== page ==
Closing The Gap

Native American women lose nearly $1 million to the pay gap over their careers—and Covid-19 could make the disparity worse

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Nearly 3 in 10 Native American women are working on the front lines of the Covid-19 pandemic as essential workers, yet they face a staggering pay gap that the pandemic could widen, according to the National Women's Law Center

Native American women, on average, are paid approximately $0.60 for every dollar earned by White, non-Hispanic men. Over the course of a 40-year career, this wage gap costs them $986,240 — nearly $1 million. This equals about $24,656 in lost wages per year, which could pay for eight months of child care, five months of food and one year of rent for a working Native American woman. This wage gap means that Native American women would need to work an additional eight months into the new year — until Sept. 8 — to earn as much as their White, male colleagues made in 2020.

"Native American women have continuously worked through the pandemic, even now as we face new, scary variants of the virus, all while having to make hard choices about health risks and earnings," Jasmine Tucker, NWLC's director of research, tells CNBC Make It. "These frontline workers are underpaid and undervalued while we are relying on their labor like never before … it's just shameful."

Many of the jobs Native American women hold are in critical yet low-paying industries such as health care and administrative services. As a personal care aide or nurse's assistant, for example, Native American women make 87 cents for every dollar White, non-Hispanic men make in these jobs.

The wage gap is wider for women in certain tribes. Women in the Navajo and Pueblo tribes, for example, only make about 53% of what their White male co-workers are paid. "Many Native women in these tribes are living on reservations in rural areas where there are fewer high-paid job options," Tucker explains.

Even before the pandemic, the economic reality for Native American women was grim. In 2019, nearly 18% of Native American women and 21% of Native American children lived in poverty, according to the latest data available from the NWLC. The ongoing health crisis has only exacerbated the hardships Native American families are facing, Tucker adds, as working women have had to contend with lower salaries, job loss and an unstable economy at the same time. 

Native American mothers working full-time are paid only 50 cents for every dollar a White, non-Hispanic father makes, amounting to a loss of $35,000 each year, the NWLC found. Comparatively, Black mothers lose about $33,600 annually and Latina mothers lose $38,000 to the wage gap. "That money could have paid for her higher education, a house for her kids, her kids' educations," Tucker says. "There's all these missed opportunities to build wealth for her and her family, to weather the economic fallout of the pandemic, that she's missed out on because of that wage gap."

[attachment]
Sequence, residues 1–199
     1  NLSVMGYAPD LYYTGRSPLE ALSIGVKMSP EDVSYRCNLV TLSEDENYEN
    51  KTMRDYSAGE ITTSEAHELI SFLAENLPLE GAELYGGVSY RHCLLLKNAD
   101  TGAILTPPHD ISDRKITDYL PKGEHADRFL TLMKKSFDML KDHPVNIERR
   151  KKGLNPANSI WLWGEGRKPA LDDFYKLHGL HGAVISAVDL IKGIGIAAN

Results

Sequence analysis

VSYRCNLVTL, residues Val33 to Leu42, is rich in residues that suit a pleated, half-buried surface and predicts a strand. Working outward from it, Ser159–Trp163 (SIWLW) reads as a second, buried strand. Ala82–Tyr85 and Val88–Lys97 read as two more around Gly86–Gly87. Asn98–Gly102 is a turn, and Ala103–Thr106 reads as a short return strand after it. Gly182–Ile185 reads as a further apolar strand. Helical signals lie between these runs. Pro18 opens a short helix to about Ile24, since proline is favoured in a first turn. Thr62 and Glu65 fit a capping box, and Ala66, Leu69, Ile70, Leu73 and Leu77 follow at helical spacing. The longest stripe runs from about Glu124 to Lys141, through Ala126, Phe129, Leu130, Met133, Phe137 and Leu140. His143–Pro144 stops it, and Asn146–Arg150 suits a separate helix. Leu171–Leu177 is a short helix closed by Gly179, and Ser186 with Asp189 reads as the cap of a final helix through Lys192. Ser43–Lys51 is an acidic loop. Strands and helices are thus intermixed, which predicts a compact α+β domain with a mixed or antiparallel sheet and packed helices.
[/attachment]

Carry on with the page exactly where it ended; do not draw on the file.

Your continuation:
Native Americans have also been hit especially hard by the health effects of the pandemic, as they are at higher risk of having serious complications from coronavirus due to high rates of diabetes, heart disease and other pre-existing health conditions within their communities. Moreover, the virus has spread among Native Americans at about 3.5 times the rate of White, non-Hispanic people.

Despite these obstacles, Native Americans have had one of the highest vaccination rates in the country. That, and a surge in higher paid, available jobs as the economy recovers, mean we should be cautiously optimistic about wage growth, Tucker notes.

"The high quitting rates we've been seeing are definitely a good sign, especially because people feel empowered to find better work," she says. "But I am worried about women, especially mothers of color who have been out of the labor force for a long time, being less willing to negotiate a higher salary or other benefits because they're so afraid they're going to lose the job offer they have on the table."

Tucker continues, "When you've been out of work for so long, and you have bills to pay, you're probably going to take the first offer you get because you can't afford to wait. The difference between Native American women and White, non-Hispanic men is that he might have more savings to rely on while he holds out for a better job offer — but she can't weather that kind of financial storm, and that can widen the gap."

Economic data for Native American women is limited, which makes it hard to get a clear financial picture of how this group has been affected by the pandemic. The Bureau of Labor Statistics doesn't report unemployment rates for Native Americans, and the Census Bureau's American Community survey, which profiles Native American households, has been delayed due to the pandemic. 

"Without this data, we can't really understand how to craft the right solutions to support Native American women and their families until we know the full extent of the problem," Tucker notes. In the meantime, she says, we should be enacting policies that would raise the minimum wage, bolster equal pay laws and improve paid family and medical leave to fix pay inequality.

"We need to create an environment where women can go to work because it's safe, they're paid a fair wage and can afford child care," Tucker says. "But we need to fight for these changes before we get close to narrowing any kind of pay gap."

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